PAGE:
By NEIL HARTNELL
Tribune Business Editor
Virgin Atlantic’s just-launched Bahamas route is already “pacing ahead” of forecast business volumes for its first six months, the country’s top tourism official said yesterday.
Joy Jibrilu, the Ministry of Tourism, Investments and Aviation’s director-general, told the weekly media briefing by the Prime Minister’s Office that “the proof is in the pudding” that demand for a Bahamian vacation has increased among UK and European travellers.
Virgin’s two flights to Nassau per week from the UK now join the six provided by its rival, British Airways (BA), to make eight weekly flights to The Bahamas, and tourism officials are hoping their London Heathrow hub will provide better connectivity to this nation from India and regions such as the Middle East and Far East.
“We’re so grateful to be in the position we’re in this year as compared to 2020,” Mrs Jibrilu said. “For a very long time we were at ‘Level 4’ [with the US CDC] and now we’re at ‘Level 3’. That will have an impact on us.
“Yesterday was a great day for us as we continue what has been an excellent rebound for tourism, for the rebound and recovery of tourism.” That was a reference to the arrival of Virgin’s inaugural flight to Nassau from London Heathrow, which will be a twice weekly service moving forward.
Mrs Jibrilu, who was on the flight, said just over half the passengers - 120 out of 230 - disembarked in Nassau. The rest travelled on to Jamaica’s Montego Bay destination, and Mrs Jibrilu said: “For a new flight, new airlift coming in, that is tremendous news.
“With the introduction of Virgin into The Bahamas’ airlift space, that means there are eight flights a week coming from the UK. Airlift is ramping up because demand is there. Virgin is already saying they are pacing ahead of their projections for the first six months of their new flight.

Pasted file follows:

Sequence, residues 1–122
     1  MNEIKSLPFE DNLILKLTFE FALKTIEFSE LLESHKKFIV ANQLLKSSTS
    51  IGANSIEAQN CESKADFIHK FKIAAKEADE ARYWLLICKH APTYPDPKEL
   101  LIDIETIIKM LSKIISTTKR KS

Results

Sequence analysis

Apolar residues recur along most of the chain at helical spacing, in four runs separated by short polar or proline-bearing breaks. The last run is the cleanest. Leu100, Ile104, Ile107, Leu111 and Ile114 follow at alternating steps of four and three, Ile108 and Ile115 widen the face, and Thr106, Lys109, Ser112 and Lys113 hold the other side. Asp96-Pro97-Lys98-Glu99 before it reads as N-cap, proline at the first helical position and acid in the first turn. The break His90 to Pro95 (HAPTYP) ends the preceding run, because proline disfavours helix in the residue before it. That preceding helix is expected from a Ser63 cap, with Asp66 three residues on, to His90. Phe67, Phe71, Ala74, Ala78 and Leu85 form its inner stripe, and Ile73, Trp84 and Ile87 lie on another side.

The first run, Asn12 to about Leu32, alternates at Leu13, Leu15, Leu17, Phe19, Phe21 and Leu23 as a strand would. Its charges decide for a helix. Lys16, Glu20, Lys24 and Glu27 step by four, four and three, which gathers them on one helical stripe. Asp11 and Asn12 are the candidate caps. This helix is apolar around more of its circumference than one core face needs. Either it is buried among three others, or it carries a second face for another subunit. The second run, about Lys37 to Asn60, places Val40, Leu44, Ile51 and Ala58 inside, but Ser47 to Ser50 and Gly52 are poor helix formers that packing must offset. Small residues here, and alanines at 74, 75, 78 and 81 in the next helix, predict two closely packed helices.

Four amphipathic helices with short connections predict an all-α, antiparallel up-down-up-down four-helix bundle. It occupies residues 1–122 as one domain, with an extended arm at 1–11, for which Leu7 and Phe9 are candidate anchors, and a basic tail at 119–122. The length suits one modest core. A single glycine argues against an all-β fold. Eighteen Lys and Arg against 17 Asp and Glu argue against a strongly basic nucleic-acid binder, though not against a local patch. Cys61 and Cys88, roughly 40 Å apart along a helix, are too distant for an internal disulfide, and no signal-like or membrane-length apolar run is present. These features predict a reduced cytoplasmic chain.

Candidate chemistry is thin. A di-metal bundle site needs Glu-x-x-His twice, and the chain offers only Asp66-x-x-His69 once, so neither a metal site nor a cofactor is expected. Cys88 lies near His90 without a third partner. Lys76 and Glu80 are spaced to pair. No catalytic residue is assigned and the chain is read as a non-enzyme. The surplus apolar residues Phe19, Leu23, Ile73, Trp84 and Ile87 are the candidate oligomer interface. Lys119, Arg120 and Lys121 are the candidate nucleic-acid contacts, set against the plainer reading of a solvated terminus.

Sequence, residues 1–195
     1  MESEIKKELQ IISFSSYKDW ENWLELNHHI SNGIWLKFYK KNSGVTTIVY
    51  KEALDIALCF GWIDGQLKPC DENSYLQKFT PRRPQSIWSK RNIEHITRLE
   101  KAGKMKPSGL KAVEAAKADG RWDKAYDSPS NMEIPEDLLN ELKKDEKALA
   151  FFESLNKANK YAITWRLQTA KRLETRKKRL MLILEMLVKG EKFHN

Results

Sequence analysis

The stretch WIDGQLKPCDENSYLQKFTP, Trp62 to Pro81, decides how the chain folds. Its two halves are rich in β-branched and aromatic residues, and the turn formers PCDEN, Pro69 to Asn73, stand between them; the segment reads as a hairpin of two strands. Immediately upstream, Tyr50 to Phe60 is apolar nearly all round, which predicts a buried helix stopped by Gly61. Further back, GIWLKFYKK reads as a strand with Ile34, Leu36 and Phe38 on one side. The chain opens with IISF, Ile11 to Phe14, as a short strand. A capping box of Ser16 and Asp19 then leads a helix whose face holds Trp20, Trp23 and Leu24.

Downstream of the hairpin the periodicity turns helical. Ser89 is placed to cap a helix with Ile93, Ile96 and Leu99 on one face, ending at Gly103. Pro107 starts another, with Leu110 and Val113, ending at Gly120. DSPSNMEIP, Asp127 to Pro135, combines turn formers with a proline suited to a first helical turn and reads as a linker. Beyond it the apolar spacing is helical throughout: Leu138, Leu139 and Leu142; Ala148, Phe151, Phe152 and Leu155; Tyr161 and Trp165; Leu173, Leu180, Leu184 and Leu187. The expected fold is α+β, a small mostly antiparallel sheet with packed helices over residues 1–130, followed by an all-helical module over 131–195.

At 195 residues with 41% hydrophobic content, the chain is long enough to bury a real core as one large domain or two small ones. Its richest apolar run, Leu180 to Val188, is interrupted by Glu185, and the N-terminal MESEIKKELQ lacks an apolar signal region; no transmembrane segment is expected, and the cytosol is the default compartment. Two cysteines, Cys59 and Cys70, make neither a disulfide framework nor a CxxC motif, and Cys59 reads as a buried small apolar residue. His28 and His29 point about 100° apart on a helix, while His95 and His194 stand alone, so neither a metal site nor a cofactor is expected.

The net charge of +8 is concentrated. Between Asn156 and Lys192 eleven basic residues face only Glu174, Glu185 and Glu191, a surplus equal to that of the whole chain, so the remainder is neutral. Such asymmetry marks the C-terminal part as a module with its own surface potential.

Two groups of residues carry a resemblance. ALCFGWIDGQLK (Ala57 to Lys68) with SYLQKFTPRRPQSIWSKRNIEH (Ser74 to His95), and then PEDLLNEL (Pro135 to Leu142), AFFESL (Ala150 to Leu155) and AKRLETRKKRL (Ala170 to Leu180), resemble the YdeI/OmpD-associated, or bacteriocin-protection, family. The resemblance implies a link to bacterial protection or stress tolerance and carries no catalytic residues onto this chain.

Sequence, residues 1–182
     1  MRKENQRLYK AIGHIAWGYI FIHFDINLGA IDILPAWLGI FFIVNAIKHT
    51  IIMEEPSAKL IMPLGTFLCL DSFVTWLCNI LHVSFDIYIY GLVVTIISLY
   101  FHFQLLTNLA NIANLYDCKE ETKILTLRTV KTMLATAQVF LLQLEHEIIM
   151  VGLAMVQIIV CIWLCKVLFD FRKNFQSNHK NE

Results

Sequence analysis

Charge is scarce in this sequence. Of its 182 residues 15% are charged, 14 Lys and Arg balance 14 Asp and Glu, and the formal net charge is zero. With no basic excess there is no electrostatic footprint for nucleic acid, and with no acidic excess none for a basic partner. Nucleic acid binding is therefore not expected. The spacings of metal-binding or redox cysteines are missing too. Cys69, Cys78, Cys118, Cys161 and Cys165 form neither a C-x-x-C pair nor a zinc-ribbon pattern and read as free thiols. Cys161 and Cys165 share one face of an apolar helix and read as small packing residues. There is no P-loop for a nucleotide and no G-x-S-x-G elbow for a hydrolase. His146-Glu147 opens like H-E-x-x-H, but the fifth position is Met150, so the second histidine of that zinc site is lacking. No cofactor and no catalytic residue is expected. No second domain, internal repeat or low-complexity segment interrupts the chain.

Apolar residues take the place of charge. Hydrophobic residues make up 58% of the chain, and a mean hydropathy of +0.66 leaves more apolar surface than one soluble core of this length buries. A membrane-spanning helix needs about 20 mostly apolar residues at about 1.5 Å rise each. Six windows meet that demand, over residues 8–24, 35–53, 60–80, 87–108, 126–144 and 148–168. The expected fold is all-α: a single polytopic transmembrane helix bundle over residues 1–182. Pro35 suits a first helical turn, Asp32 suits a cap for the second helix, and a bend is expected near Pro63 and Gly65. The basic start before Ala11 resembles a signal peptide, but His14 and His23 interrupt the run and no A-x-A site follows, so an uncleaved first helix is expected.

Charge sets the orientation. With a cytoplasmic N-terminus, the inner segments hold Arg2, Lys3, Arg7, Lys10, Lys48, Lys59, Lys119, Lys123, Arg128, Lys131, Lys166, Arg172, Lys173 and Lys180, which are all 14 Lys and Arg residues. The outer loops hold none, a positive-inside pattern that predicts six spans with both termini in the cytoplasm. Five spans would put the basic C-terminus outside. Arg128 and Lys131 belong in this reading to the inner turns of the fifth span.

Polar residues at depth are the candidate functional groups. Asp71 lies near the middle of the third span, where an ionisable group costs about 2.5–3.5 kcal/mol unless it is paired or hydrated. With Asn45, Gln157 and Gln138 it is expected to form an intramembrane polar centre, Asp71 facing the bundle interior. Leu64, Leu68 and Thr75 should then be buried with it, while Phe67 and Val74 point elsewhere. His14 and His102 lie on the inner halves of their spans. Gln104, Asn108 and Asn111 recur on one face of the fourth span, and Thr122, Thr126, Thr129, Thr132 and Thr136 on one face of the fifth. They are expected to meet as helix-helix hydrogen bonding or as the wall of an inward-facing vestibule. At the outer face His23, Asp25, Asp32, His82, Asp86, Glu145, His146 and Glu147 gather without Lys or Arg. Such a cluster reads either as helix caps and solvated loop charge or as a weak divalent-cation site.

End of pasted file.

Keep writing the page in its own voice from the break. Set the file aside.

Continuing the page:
“The proof is in the pudding, with BA starting with two flights in July and now up to six flights a week, the most flights BA has ever offered.” Mrs Jibrilu conceded that some may be puzzled over the Ministry of Tourism’s excitement about increased UK airlift when the bulk of visitors - over 90 percent - come from the US and Canada.
She explained, though, that BA and Virgin’s flights from London Heathrow provided seamless connectivity to markets such as the Middle East, India and the Far East - all of which The Bahamas has previously struggled to penetrate in any meaningful way due to the travel distances involved.
“Just to be clear, when we open up the UK it’s not just the UK; it’s not just London; it’s not just England; it’s not just Scotland which is opening up to us. It’s the relationship with that side of the world. It’s the Middle East, it’s India, it’s Asia, because both of those airlines connect directly to flights going on to India, the Middle East, the Far East.
“They all connect through Heathrow. The Bahamas can boast of every flight departing from Heathrow, which cannot be said for the rest of the Caribbean.” But, with COVID cases rising in nations such as France and Germany, Mrs Jibrilu acknowledged that plans to increase European airlift via Heathrow could still be derailed by lockdowns there and other restrictions.
Generating increased airlift from the US west coast remains a MInistry of Tourism priority, she added. “We’re looking for fresh gateways as well, where we’d like airlift to come from,” Mrs Jibrilu said. “The west coast of the US is a key one. We know that’s within our top five source markets for the US.”
She added that the airlines were now coming to The Bahamas rather than the other way around, explaining: “A few years ago, while we were fighting for appointments, they’re now seeing how well we’re doing and coming to the table.”